When I first jumped into the FaithWriters.com Weekly Challenge, I adored comments from the “Masters.” One of those being Jan Worgul Ackerson.
Jan recently started a blog titled, One Hundred Words. I’ve wanted to feature it for awhile, so…I am.
“Is it possible to capture a character in one hundred words? To suggest, in just a few sentences, an entire plot? When I realized that I’d never be a novelist, that’s the challenge I decided to embrace.” Jan Worgul Ackerson
SARAH: When did your writing career begin?
JAN: I started blogging (a now-defunct blog) in 2002, after a pretty traumatic event in our family. I thought it would be good therapy, both emotional and spiritual, and it was. In 2005, I joined FaithWriters.com an online site for Christian writers, and started entering their weekly Writing Challenge.
SARAH: What all does your writing encompass? And brag (humbly) about your services.
JAN: My writing love is fiction, and in particular, I like to write very short fiction (as you might have guessed). I find myself writing a lot about broken people—perhaps that’s my way of becoming whole. But I also enjoy the occasional foray into humor. I hope my writing is literary, with a bit of an edge. I also have a small editing business: you can find Superior Editing Services on Facebook.
SARAH: How many flash fiction stories have you written? List your highest writing awards.
JAN: I’ve written over 250 flash fiction stories; you can find them at http://www.faithwriters.com/member-profile.php?id=11626. Two of those placed in the FaithWriters.com annual Best of the Best competition.
SARAH: Awesome! Where did you come up with the idea for One Hundred Words?
JAN: I’d been thinking about re-entering the blogosphere, but I wanted my blog to be different from so many that I see out there. Since I enjoy fiction so much, I thought first about writing little character studies. When I thought about how our attention span as a country is getting so much shorter (thank you, Twitter), I hit upon the idea of limiting myself to 100 words.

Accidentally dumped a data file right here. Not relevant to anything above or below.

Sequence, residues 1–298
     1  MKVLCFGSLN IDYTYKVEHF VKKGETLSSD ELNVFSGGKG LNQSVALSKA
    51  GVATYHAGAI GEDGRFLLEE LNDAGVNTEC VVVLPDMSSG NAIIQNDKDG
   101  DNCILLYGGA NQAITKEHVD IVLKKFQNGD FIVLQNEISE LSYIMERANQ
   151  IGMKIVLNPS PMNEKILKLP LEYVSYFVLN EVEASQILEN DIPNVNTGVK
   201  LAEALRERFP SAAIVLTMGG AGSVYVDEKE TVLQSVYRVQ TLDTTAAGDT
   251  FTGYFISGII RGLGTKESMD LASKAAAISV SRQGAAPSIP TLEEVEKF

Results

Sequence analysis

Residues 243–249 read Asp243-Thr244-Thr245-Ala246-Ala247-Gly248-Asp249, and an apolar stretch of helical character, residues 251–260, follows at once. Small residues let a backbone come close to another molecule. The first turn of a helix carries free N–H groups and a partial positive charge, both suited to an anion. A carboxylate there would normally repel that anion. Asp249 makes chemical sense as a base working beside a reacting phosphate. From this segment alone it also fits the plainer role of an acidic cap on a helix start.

SARAH: Some people call this Micro Fiction. Do you have special plans for these micro flashes of genius (like a book) or are they strictly for the blog?
JAN: No immediate plans. If the blog should take off and my adoring public demands a book…we’ll see!
SARAH: What do I need to know about your wonderful family?
JAN: I’m a retired teacher, married 36 years to the wonderful Ben. We have two married daughters, and an adorable granddaughter, Piper. Oh, and the cat. I can’t forget to mention the cat.
SARAH: And your favorite One Hundred Word story is?
JAN: It’s so HARD to pick a favorite, because they’re all my babies. Do you have a favorite child? But if you forced me to pick one, I’d have to go with #7, because Carla is ME, and the story of the chubby waitress and the young man is one that I’ve always wanted to write.
SARAH: Loved that one too! Thanks for taking the time to chat with me, Jan.
It’s was hard for me as well, but here are my three favorite One Hundred Word stories:
She never bothered with the equipment—the veiled hat, the smoker smelling of pine needles. The bees, she said, knew that her hands were gentle and that she was not prone to flailing about while she extracted the waxy, dripping frames.
Shh, now, she said. Shh. She pulled a frame from the box hive and stood very still while the bees swarmed. She could feel a breeze from thousands of minuscule wings. When the buzzing abated, she set the frame aside, trapping one small bee against her wrist. I’m sorry, they murmured to each other as the stinger sank in.
Patsy sees the lump on the road from far away, and the words dead possum flit through her consciousness. But as she gets closer, she sees that it’s not dead, it’s simply wounded.
The unfortunate animal is ineffectually scrambling with its back legs. Briefly and ridiculously, Patsy considers taking it to a vet, and the animal haunts her thoughts all day. Such horrible suffering.
At home, she flicks on the television, eager to forget. I hope it wasn’t in pain. When the commercial comes on—the one with wide-eyed brown children—she changes the channel, with a grunt of irritation.
Millie hadn’t sung in years, so she was delighted when she was tapped to join this choir. Once quite the singer, she’d toured Europe in college, where she had the soprano solo in Mendelssohn’s Lobgesang.
Her high G was effortless…
Her high G was effortless, and the audiences’ praise had sent a rush of heat deep into the vee of her draped black gown.
How Millie mourned those soaring high notes when her aged voice became a mere croak. Yet here she stood, excited, preparing to sing again. The song started:
Worthy is the Lamb…
Music reverberated off walls of jasper, chalcedony, emerald, and sapphire.
Hope you enjoy and become a subscriber of One Hundred Words.